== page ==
Air Date: Saturday, October 18, 2014 at 8/7c on Lifetime.
“Soonest begun, soonest done.” — Doreen
Throw logic out the window and sit down for an intensely twisted, suspenseful, and mind bending 88 minutes. Big Driver is based on the novella of the same name by Stephen King. What transpires during Big Driver will have you guessing and suspecting everyone before the truth is revealed at the very end. Was famed author Tess Thorne (Maria Bello) really attacked and left for dead, or is it all in her vivid imagination?
—The mind is fragile. Childhood trauma can easily warp reality, blurring the lines between fiction and reality. For Tess, things seemingly are on top of the world and even though her fans know she’s been hearing voices since she was a little girl, they still adore her. At least they do at “The Books and Brown Baggers” book club where Tess is the guest speaker. But things take a violent and psychotic turn when Tess decides to use the suggestion for a short cut proffered by the book club president, Ramona (Ann Dowd).
I love road trips and there are times when a short cut sounds great, but after watching way too many detour movies and now Big Driver, I’m just going to stick to the main freeways. Big Driver delivers the suspense in broad daylight, which almost makes me think twice about believing I’m safe when the sun is out. I haven’t read the novella but I think that puts me at an advantage because I watched the movie without any preconceived notions. I had no idea who the characters were or what to expect. What I got was one of the most intense viewing experiences from a television movie in a long time.
Tess is an author who likes to talk to her characters and the GPS system she lovingly calls Tom. One of those characters is Doreen (Olympia Dukakis), the head of “The Willow Grove Knitting Society,” a fictional knitting club that solves mysteries, thereby making Tess a bestselling author. Throughout Big Driver, Doreen pops up and gives Tess advice. It would be easy to muck this up when making a made for TV movie, but the direction and choreography of the scenes and dialogue are brilliant. Bello is magnificent. Her performance is so convincing, you almost believe she has been assaulted. Her mannerisms, the shaking, and the hysterical laughter at the incredulous events are all compelling.
After her horrible and terrifying encounter with a trucker named Big Driver (Will Harris), Tess begins to crack under the pressure. Deciding that telling anyone is unwise, Tess begins to plot her revenge. At this point, I wasn’t sure whether this was real or a figment of Tess’ imagination. Tess’ mind is frantic, and what’s true and what isn’t become tangled. It’s not until she begins piecing the puzzle together that you, as the viewer, begin to realize there is a bigger mystery unfolding, a bigger conspiracy unraveling.
Big Driver is well acted and immensely gripping. I found myself trying to reason with Tess but quickly realized to fully enjoy this diabolical movie, I needed to throw logic and reasoning out the window and let the madness wrap itself around me. I kept getting angry with Tess. Why doesn’t she immediately contact the local police after escaping? Why doesn’t she go to a hospital and have a rape kit done? It was infuriating, but once I gave in and let go of the ‘why’ questions, it became a whole different viewing experience.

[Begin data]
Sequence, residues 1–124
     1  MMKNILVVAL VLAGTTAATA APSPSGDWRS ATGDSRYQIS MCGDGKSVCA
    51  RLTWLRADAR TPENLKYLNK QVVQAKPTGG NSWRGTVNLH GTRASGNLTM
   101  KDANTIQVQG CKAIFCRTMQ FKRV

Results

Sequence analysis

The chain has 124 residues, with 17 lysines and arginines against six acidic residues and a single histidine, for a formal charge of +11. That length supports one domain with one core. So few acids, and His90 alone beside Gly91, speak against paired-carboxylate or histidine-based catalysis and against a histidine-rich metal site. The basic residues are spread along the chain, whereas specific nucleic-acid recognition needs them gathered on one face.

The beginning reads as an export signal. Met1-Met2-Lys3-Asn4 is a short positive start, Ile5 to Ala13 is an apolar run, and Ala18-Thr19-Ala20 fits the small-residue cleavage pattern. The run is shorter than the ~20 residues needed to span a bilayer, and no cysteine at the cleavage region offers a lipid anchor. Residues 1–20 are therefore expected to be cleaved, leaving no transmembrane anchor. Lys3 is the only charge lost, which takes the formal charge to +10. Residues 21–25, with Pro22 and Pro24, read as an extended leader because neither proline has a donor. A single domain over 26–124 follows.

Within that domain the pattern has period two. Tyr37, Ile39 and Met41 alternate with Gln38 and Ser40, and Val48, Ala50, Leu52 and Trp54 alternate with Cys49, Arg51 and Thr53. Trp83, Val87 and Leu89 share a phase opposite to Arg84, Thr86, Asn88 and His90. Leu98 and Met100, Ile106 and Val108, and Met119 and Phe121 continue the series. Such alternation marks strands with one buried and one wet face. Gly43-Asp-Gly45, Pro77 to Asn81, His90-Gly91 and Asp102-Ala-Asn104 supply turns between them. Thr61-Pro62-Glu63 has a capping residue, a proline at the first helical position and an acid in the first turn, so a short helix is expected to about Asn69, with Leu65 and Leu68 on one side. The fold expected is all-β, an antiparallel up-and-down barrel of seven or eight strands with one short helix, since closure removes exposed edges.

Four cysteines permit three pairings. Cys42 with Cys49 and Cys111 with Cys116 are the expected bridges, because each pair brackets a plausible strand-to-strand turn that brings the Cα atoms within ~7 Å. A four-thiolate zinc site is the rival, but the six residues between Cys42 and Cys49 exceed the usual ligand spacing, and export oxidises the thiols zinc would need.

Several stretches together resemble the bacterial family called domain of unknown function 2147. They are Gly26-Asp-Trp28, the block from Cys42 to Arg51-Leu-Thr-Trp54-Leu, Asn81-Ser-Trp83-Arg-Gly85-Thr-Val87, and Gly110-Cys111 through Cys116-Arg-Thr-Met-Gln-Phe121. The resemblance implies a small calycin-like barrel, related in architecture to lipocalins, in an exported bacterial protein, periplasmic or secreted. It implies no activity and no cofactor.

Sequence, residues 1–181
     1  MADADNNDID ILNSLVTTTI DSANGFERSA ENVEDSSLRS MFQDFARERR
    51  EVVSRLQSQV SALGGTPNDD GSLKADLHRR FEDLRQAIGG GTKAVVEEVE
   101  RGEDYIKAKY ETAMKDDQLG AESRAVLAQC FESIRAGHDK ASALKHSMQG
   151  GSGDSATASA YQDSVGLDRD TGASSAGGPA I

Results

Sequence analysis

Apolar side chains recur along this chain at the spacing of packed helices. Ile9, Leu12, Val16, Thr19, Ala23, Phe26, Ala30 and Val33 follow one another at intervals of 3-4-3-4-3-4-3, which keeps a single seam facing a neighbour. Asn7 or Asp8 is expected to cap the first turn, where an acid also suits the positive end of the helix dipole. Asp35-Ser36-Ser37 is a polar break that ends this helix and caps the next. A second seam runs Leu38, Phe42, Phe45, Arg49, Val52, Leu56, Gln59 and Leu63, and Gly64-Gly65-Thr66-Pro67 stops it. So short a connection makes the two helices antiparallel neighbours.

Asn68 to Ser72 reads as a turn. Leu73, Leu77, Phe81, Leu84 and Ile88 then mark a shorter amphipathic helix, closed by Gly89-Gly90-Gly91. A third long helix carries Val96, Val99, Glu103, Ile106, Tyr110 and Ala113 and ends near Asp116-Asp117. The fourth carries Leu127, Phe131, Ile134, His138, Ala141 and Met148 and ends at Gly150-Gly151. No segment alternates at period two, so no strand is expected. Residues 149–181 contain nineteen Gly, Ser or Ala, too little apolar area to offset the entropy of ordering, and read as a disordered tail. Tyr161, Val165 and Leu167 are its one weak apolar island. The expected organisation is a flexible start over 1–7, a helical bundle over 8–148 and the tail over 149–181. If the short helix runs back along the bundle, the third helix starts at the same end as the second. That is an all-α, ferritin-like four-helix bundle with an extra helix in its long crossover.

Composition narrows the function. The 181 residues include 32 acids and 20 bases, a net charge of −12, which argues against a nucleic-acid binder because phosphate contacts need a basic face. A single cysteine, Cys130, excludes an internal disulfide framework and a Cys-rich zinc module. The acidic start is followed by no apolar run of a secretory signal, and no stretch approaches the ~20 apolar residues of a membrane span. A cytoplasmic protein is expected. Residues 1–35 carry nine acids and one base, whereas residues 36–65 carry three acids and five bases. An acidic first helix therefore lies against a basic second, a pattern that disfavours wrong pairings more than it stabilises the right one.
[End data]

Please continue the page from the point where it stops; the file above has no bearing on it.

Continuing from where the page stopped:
I was excited to see Joan Jett, who plays Betsy, a bartender, but her part is quite small, although profound. Interestingly, she seems to know things aren’t as tranquil and blissful as they seem in the sleepy little town of Chicopee, MA. And Harris gives a chilling performance. The awkward tension between Big Driver and Tess during their first encounter resonates through the screen. He appears so polite and obliging but then turns on a dime, giving me a sinking feeling in my stomach. Always keep your eyes on the road; you never know who is putting out traps for unsuspecting drivers.
There is some darkly comedic humor sprinkled throughout Big Driver. After all, what’s a good violent mystery without a little sarcasm? I must say, the conversations between Tess and Tom the GPS are quite entertaining, although a bit creepy at times. I don’t want my GPS to say the things Tom says to Tess.
After Tess takes matters into her own hands, things become a bit clouded in her mind. Doreen has the perfect answer: “Mistaken identity, dear; it happens. Columbus thought America was India; anyway, the lighting out here is downright smudgy…” Tess, of course, has her own resignations about talking to her imaginary characters, “…I’ve lost it,” to which Doreen replies, “Well, people always said you would; why fight it?”
The cinematography, geographic location, and lighting make Big Driver visually captivating. The makeup department also does an outstanding job of making Bello look like she’s been through hell and back. If you are looking for a good dramatic mystery, Big Driver is it. You’ll find yourself suspecting everyone and doubting everything.
What did you think of Big Driver? Leave me a comment below and/or tweet me @judybopp.
For more on the movie, go to Lifetime.
Photos Cr: Chris Reardon for ©2014 Lifetime Network, a division of A&E Television Networks, LLC. All Rights Reserved.
© 2014, Judy Manning. All rights reserved.
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